IKEA’s comeback
IKEA’s stores, like many non-essential retailers, will have had a tough year, but with three new, smaller format stores opening in Tokyo in the past 18 months, the Swedish furniture chain has shown that it still has a lot to offer.

Welcia: Aeon’s shining star
Welcia remains Japan’s largest drugstore group and continues to expand relentlessly. In addition to breaking 2,200 stores, last year it hired a large proportion of all the newly qualified pharmacists in Japan. The cost of this has caused some analysts to worry about short-term profitability, but if it can keep up the pace (and Aeon, its parent, will ensure it does), competitors may find it hard to keep up.

Tokyo Base defies fashion slowdown
Fashion retailer, Tokyo Base, stumbled well before the pandemic due to teething issues but  managed to hold sales at almost 2019 levels last year despite its premium positioning. It now expects almost 30% growth this year. Encouraged, it will double down on expansion, adding two more chains, including a sports fashion store, while investing faster overseas.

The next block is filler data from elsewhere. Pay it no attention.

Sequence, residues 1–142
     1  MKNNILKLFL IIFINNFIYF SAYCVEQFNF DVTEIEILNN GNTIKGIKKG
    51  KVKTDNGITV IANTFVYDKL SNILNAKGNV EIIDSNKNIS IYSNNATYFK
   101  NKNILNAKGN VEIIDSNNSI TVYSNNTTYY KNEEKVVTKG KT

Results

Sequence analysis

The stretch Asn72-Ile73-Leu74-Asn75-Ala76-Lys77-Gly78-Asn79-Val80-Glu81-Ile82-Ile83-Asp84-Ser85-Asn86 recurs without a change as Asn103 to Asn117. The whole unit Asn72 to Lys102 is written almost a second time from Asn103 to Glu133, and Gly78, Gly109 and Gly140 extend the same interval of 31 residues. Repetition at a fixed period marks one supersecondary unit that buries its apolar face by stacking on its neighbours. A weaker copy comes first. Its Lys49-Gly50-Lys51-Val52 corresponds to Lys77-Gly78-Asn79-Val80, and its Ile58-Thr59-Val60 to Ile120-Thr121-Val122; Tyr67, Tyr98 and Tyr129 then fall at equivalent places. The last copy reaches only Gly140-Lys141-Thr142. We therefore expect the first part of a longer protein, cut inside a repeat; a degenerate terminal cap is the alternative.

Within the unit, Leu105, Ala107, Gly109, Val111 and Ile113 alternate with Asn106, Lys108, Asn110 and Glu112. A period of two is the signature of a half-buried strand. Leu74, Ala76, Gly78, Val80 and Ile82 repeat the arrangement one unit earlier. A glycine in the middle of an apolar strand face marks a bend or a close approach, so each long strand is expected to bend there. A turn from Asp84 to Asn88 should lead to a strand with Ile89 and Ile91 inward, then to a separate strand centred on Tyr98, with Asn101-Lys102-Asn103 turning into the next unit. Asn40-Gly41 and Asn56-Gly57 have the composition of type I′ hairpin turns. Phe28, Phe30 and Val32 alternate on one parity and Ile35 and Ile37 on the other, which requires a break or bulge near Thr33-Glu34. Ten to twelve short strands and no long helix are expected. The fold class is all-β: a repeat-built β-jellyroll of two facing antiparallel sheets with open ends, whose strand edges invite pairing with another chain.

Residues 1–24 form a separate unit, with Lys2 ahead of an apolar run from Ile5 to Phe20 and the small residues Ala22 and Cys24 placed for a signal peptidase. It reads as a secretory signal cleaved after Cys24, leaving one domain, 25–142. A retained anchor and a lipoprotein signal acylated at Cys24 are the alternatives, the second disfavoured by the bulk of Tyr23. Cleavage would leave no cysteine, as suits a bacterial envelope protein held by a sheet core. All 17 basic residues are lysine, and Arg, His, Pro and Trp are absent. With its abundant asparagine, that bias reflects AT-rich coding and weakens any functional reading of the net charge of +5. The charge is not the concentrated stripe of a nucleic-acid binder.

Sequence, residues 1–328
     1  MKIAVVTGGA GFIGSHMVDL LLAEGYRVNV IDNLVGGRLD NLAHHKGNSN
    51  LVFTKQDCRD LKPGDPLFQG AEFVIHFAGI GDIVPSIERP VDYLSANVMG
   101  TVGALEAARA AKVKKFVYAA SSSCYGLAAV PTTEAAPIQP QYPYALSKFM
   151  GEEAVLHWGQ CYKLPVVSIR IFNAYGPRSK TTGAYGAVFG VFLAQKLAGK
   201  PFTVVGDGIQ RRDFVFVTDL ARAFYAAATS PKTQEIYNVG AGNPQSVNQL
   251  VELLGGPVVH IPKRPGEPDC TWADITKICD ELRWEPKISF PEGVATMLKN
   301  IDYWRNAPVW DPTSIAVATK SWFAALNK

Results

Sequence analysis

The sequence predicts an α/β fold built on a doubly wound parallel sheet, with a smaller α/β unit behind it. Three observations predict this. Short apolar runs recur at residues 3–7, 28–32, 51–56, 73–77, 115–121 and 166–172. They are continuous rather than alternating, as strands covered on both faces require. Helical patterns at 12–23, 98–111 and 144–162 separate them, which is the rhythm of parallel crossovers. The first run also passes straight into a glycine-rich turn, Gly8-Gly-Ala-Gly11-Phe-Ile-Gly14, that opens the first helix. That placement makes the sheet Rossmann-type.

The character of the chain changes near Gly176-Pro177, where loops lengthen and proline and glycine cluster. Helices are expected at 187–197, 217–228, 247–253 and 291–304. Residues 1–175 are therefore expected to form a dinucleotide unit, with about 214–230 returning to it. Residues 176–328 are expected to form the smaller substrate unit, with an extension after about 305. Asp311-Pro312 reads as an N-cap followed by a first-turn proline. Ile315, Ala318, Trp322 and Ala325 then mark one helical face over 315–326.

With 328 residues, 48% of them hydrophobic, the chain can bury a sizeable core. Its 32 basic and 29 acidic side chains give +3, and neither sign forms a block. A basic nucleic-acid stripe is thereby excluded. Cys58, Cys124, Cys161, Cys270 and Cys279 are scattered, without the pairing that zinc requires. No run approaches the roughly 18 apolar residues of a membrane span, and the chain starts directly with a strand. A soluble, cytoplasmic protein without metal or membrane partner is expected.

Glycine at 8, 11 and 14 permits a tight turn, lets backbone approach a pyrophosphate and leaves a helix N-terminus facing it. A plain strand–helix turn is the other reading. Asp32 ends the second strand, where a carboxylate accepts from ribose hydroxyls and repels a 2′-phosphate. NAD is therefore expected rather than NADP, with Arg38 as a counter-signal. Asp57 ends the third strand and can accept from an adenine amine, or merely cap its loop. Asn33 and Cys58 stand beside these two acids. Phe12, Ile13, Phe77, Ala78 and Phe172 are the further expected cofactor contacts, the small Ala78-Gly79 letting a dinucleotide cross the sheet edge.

Online furniture sales surge 
The desire for home improvement was already building well before the pandemic but Japanese have turned to home decoration like never before since March 2020 as long days at home led to demand for more comfort and better aesthetics. With visits to physical stores currently something of a challenge, online sources have boomed, including new subscription rental services.

Aeon: new ideas to stay ahead
Japan’s  largest retail conglomerate is just emerging from years of group restructuring and, despite perennial complaints from investors that it should make more money, achieved record operating profits in FY2019 before the pandemic. Now, the group is looking at technology to create a whole new future.

Donki: slower growth, better stores